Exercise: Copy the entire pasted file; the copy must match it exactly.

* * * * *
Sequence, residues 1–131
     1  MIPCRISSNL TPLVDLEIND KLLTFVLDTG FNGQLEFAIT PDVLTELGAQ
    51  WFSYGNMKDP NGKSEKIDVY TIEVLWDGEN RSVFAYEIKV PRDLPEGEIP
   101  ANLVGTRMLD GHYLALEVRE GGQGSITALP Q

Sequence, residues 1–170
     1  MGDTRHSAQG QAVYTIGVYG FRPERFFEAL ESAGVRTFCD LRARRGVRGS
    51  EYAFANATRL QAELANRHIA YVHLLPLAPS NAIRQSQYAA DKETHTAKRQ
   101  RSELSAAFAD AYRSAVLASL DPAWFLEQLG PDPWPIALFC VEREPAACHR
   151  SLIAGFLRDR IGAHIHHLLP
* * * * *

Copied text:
Sequence, residues 1–131
     1  MIPCRISSNL TPLVDLEIND KLLTFVLDTG FNGQLEFAIT PDVLTELGAQ
    51  WFSYGNMKDP NGKSEKIDVY TIEVLWDGEN RSVFAYEIKV PRDLPEGEIP
   101  ANLVGTRMLD GHYLALEVRE GGQGSITALP Q

Sequence, residues 1–170
     1  MGDTRHSAQG QAVYTIGVYG FRPERFFEAL ESAGVRTFCD LRARRGVRGS
    51  EYAFANATRL QAELANRHIA YVHLLPLAPS NAIRQSQYAA DKETHTAKRQ
   101  RSELSAAFAD AYRSAVLASL DPAWFLEQLG PDPWPIALFC VEREPAACHR
   151  SLIAGFLRDR IGAHIHHLLP